Among the differences that divide Christians and Muslims perhaps the most controversial one is the issue of Israel. This is passing strange (here I ironise) because Judaism is the common root of Islam and Christianity. All three religions share the same ideology but in each it is doctrinally inflected in different ways. Although the numbers of believers in Judaism is not great, Hebrew religion remains the central issue in the world-encompassing drama we call history. Since 9/11 Muslims and Christians are sharply divided over how to view the political and ideological claims of Jewish religion as reflected in the status of the State of Israel.
Humanity - God Versus God - Nature
Christianity focalizes concern about the relation of Humanity to God. The central figure in Christian religion is Jesus Christ, who is regarded as the single and supreme intermediary between God and Humanity. Being both human and divine, the Savior embodies and preserves the relation of the human species to the Creator. Everything in Christian belief centers on this ultimate concern, case 3. The question, How does God reach us? is answered: Through sending his Son. "Christ is the answer." This belief satisfies millions on the concern about how God related to Humanity.
Judaism also addressed this concern, but in a different way. It expects a messiah to come, but the messiah has not yet come. It could be said that Jewish religion fails to fulfill the God - Humanity relationship, or relies on a posponed solution. Meanwhile, it focalizes concern on the relation of God to Nature, to the natural world, but in an odd way: in Judaism, the Deity’s transcendence of the natural world is what defined God. In other words, it replies to the the God - Nature concern with the answer, "God transcends nature." This answer says nothing directly about the God - Humanity concern. Jews are of course concerned with this issue, but only as it is a subset of the God - Nature issue.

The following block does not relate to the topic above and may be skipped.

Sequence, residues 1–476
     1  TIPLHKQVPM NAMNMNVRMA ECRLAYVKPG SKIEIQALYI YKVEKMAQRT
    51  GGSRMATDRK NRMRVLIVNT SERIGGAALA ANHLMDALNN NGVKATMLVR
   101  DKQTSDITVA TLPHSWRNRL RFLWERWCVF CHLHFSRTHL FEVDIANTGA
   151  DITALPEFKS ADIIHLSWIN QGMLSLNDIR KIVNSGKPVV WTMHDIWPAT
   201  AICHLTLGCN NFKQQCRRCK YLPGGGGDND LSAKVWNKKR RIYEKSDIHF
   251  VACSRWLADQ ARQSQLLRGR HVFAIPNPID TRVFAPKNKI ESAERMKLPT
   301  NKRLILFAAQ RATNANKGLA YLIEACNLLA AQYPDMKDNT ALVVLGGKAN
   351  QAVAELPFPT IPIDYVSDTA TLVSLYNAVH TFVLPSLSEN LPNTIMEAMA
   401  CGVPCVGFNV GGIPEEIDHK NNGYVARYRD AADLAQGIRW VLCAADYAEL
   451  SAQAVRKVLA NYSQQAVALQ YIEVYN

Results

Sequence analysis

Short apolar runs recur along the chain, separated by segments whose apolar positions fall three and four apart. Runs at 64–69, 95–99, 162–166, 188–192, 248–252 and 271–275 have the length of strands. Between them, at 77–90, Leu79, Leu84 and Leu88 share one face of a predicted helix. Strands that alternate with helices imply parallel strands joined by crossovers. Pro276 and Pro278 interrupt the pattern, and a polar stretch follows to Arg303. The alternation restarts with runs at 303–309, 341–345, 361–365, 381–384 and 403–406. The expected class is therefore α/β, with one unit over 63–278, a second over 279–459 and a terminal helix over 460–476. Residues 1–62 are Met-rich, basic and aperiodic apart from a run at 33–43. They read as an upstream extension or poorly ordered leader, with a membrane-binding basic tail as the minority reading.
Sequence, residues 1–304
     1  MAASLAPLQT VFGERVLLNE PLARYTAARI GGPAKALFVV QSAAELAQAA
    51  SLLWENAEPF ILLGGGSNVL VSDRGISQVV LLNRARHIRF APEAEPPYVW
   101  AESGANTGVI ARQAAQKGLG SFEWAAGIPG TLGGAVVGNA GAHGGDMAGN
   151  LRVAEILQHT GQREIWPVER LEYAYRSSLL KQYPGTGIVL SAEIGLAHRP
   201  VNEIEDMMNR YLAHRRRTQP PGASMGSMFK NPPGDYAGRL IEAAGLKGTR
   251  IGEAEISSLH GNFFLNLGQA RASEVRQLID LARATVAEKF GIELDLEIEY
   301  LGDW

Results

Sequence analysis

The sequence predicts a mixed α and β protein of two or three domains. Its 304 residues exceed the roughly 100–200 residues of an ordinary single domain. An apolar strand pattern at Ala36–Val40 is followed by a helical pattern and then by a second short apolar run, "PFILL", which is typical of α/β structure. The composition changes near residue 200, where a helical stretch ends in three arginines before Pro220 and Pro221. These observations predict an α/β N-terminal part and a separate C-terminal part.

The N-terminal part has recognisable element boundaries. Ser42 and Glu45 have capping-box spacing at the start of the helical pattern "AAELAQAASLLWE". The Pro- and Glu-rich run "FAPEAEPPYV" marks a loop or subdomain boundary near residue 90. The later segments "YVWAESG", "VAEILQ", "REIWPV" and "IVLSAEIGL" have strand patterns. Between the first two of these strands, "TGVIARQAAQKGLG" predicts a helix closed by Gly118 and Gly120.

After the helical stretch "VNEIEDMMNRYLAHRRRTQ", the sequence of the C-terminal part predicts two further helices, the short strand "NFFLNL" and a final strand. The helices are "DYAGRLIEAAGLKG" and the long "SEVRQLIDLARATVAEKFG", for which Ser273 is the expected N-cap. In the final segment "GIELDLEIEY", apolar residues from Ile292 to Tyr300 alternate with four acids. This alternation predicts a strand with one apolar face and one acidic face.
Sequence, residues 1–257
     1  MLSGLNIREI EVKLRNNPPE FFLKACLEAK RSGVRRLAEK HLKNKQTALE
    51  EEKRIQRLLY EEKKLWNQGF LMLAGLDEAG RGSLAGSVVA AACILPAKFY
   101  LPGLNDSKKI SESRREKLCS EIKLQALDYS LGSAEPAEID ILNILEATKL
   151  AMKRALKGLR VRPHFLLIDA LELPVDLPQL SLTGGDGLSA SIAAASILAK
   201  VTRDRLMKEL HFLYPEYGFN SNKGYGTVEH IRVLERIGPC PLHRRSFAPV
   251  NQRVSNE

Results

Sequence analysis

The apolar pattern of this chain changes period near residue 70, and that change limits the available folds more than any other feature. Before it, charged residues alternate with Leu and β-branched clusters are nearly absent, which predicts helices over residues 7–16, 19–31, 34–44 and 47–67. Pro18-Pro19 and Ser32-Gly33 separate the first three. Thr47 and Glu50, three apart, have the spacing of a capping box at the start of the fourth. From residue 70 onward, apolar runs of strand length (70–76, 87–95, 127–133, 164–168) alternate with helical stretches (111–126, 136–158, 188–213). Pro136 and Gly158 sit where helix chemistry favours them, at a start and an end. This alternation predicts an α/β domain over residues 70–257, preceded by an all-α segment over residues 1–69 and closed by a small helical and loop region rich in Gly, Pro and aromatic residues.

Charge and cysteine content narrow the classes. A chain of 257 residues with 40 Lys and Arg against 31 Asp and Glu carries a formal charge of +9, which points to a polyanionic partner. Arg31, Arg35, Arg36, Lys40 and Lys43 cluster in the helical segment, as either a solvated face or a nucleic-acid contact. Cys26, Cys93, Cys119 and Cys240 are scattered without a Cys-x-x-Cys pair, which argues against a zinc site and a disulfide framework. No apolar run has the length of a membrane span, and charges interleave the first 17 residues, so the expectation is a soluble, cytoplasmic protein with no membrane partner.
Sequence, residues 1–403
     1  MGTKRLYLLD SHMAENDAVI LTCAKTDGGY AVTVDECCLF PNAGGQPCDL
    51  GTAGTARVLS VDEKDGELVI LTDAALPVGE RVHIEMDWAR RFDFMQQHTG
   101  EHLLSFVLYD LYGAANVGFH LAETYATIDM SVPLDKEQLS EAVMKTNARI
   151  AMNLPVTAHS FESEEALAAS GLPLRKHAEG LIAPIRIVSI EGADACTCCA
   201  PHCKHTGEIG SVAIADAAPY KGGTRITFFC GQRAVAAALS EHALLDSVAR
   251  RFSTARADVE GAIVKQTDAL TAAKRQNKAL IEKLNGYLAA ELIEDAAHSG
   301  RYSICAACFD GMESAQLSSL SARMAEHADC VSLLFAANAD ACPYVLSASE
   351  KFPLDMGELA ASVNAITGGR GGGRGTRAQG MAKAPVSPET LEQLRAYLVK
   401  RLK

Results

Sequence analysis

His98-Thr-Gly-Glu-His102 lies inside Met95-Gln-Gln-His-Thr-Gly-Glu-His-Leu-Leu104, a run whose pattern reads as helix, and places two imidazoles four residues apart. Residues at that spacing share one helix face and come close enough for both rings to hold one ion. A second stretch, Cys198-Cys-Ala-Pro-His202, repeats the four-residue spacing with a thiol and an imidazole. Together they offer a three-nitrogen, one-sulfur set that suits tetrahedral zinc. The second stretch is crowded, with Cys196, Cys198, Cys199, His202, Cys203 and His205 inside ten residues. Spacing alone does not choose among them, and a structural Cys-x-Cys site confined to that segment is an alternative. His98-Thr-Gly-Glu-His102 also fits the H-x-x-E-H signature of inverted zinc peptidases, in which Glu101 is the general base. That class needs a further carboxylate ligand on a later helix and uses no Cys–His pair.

The definition of God as the world-transcending creator, or, to say the same thing the other way around, of Nature as the handiwork of a supernatural Deity, originates in Judaism and remains its hallmark. Case 2 represents the ancient Hebraic concern primarily for the relation of God to Nature, and secondarily for the relation of Humanity to the God so defined. In Judaic beliefs, case 3 is subsequent and consequent to case 2.
The great paradox of Hebrew religion is that it confers supreme importance on concern for the relation of God to Nature and simultaneously ruptures that relation. Or redefines it, if you prefer. The concept of a Creator God consistent with Judaism is only possible to a people who have denied the immanence of God in Nature. It makes sense, then, that the sacred history of the Jews portrays them in constant conflict with Pagan religion, for Paganism highlights case 1, concern for the relation to Humanity to Nature. Pagan beliefs arise from the experience of immanent Divinity, Gods animating nature, and the experience comes through empathy with nature, intimate participation. Through its relation to Nature the human species finds its way to Deity, Divinity. In Paganism, case 3 is subsequent and consequent to case 1. (It could be argued that case 2, concern for the relation of God to Nature, did not exist in Paganism, for God and Nature were regarded as the same.)